A Rare Space Rock Gets Even Rarer

An extremely uncommon type of asteroid is found in the Nubian Desert

Muawia Shaddad of the University of Khartoum, Sudan and researcher Peter Jenniskens with students at the scene of a meteorite find in Sudan.

For the first time, scientists have recovered pieces of a rock tracked all the way from space to its meteoric demise in Earth’s atmosphere. And for the first time, Westerners are hearing how that fireball (which we wrote about in our April/May 2009 issue) appeared to people on the ground in northern Sudan when it came screaming in last October.

According to Peter Jenniskens, a researcher at the SETI Institute in Mountain View, California, people all over that part of Sudan were just returning from morning prayers when “The whole landscape lit up. It was a very frightening event.”

NASA scientists had predicted the impact—a first—and knew where to direct Jenniskens when he called weeks later to ask where to search for meteorites on the ground. When he arrived in December at the Nubian desert location (near train Station 6, between Wadi Halfa and Khartoum), along with a group of University of Khartoum students led by Muawia Shaddad, it took only two hours of searching to locate pieces of the object formerly known as 2008 TC3. (The first fragment was discovered by a student named Mohammad Alameen, who Jenniskens said was particularly adept at finding them). A total of 47 fragments were recovered, adding up to just under nine pounds of material.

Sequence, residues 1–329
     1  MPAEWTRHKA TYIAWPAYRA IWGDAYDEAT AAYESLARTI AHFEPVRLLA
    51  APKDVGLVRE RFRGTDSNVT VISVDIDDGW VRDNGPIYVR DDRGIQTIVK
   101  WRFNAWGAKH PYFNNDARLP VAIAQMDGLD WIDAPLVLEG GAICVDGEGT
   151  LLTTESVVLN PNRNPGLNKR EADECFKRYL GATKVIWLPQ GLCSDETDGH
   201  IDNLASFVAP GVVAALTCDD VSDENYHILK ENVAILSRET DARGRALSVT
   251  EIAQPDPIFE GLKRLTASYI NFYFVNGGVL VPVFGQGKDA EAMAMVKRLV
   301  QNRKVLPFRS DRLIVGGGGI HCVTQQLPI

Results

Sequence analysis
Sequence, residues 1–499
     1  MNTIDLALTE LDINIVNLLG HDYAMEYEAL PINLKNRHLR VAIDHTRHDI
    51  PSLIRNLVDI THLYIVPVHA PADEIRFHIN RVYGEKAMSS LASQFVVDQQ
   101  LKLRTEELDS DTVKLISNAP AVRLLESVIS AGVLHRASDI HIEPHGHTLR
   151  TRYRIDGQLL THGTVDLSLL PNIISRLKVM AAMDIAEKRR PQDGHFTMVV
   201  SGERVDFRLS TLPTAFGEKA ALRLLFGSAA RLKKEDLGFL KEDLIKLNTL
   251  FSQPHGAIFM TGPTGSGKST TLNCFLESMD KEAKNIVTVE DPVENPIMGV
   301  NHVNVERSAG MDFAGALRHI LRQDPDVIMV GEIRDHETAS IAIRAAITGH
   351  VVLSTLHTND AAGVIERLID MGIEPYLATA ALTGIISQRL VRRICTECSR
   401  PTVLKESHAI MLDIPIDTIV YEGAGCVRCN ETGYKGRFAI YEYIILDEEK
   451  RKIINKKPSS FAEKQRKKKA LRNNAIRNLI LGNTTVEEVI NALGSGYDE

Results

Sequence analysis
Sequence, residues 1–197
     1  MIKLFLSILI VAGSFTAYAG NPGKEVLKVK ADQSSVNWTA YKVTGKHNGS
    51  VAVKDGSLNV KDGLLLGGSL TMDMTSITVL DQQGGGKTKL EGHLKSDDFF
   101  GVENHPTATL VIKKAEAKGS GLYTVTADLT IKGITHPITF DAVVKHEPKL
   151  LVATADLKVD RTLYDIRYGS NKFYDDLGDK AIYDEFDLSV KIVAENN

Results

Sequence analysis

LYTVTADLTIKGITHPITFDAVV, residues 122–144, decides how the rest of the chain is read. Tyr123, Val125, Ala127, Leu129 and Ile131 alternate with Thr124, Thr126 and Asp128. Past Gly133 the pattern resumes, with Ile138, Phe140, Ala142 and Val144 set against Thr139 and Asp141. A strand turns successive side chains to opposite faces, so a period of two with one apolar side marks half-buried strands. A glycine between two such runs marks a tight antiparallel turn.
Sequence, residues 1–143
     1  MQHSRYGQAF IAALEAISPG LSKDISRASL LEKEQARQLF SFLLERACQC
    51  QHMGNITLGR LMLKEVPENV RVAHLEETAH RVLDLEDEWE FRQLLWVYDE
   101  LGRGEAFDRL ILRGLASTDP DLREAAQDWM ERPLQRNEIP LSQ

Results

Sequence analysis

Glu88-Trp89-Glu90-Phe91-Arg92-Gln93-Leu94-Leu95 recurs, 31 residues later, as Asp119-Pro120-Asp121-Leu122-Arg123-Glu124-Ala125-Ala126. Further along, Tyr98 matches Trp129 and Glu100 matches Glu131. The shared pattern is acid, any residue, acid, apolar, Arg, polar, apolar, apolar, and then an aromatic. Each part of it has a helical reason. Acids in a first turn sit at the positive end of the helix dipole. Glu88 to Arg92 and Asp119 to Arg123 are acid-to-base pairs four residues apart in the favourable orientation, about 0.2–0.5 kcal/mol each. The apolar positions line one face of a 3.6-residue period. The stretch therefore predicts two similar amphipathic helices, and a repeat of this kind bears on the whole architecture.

Mike Zolensky, a meteorite expert at NASA’s Johnson Space Center in Houston, never imagined that any pieces of 2008 TC3 would be found. Because of the remote location, he assumed they were “lost and gone forever.” But not only has he been able to study the Sudan meteorites in his lab, they turn out to be from an extremely rare type of asteroid. In fact, there weren’t even samples of this type in any of the world’s meteorite collections.

The evidence suggests that these bits of rock were once part of a much larger body that experienced volcanism in its distant past. And based on its rare spectral type, a known asteroid with a similar spectrum, which goes by the name of 1998 KU2, has already been identified as a possible source for 2008 TC3.

Not a bad scientific return for something that wasn’t even planned.

The meteorites, by the way, have been named Almahata Sitta—Arabic for “Station 6.”

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